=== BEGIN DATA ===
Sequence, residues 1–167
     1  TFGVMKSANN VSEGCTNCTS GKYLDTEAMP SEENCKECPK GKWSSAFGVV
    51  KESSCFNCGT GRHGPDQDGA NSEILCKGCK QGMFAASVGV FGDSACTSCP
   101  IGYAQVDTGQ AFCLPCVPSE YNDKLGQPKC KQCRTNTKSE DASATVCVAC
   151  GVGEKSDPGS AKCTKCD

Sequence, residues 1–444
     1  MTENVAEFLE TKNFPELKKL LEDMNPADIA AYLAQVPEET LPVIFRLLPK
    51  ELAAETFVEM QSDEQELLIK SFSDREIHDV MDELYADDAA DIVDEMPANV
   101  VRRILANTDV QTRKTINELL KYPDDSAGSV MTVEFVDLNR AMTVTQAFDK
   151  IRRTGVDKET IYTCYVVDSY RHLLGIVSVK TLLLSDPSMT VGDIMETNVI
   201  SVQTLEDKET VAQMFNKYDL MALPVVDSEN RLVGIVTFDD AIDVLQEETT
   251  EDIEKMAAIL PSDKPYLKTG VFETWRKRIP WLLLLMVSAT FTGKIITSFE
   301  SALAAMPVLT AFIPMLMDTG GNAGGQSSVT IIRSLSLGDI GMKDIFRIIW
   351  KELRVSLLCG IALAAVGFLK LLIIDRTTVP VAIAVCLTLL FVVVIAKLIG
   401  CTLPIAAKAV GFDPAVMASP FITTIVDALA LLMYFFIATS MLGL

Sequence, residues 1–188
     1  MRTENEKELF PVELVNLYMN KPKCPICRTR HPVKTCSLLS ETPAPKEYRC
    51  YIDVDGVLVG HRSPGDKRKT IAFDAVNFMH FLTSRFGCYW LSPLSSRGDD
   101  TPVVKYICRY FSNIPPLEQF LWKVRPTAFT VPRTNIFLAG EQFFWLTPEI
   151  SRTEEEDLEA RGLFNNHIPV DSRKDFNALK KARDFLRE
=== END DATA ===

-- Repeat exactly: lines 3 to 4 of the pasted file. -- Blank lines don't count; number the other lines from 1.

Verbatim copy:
    51  KESSCFNCGT GRHGPDQDGA NSEILCKGCK QGMFAASVGV FGDSACTSCP
   101  IGYAQVDTGQ AFCLPCVPSE YNDKLGQPKC KQCRTNTKSE DASATVCVAC